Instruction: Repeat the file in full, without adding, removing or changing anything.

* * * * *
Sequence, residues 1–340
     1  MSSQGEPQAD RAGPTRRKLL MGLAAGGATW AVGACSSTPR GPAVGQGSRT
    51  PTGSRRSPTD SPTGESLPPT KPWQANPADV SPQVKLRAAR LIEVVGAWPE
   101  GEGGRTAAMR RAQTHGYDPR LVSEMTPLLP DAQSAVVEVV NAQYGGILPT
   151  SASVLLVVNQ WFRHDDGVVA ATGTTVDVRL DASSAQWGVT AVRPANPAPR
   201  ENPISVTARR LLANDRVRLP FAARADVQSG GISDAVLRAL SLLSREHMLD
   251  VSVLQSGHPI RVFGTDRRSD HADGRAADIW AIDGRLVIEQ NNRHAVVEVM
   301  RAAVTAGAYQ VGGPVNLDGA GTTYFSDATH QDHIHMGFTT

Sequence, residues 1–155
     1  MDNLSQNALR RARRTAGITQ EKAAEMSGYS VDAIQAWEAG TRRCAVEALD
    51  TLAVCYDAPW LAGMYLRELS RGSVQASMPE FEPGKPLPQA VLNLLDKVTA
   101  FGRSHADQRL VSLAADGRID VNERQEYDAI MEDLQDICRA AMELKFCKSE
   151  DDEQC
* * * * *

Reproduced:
Sequence, residues 1–340
     1  MSSQGEPQAD RAGPTRRKLL MGLAAGGATW AVGACSSTPR GPAVGQGSRT
    51  PTGSRRSPTD SPTGESLPPT KPWQANPADV SPQVKLRAAR LIEVVGAWPE
   101  GEGGRTAAMR RAQTHGYDPR LVSEMTPLLP DAQSAVVEVV NAQYGGILPT
   151  SASVLLVVNQ WFRHDDGVVA ATGTTVDVRL DASSAQWGVT AVRPANPAPR
   201  ENPISVTARR LLANDRVRLP FAARADVQSG GISDAVLRAL SLLSREHMLD
   251  VSVLQSGHPI RVFGTDRRSD HADGRAADIW AIDGRLVIEQ NNRHAVVEVM
   301  RAAVTAGAYQ VGGPVNLDGA GTTYFSDATH QDHIHMGFTT

Sequence, residues 1–155
     1  MDNLSQNALR RARRTAGITQ EKAAEMSGYS VDAIQAWEAG TRRCAVEALD
    51  TLAVCYDAPW LAGMYLRELS RGSVQASMPE FEPGKPLPQA VLNLLDKVTA
   101  FGRSHADQRL VSLAADGRID VNERQEYDAI MEDLQDICRA AMELKFCKSE
   151  DDEQC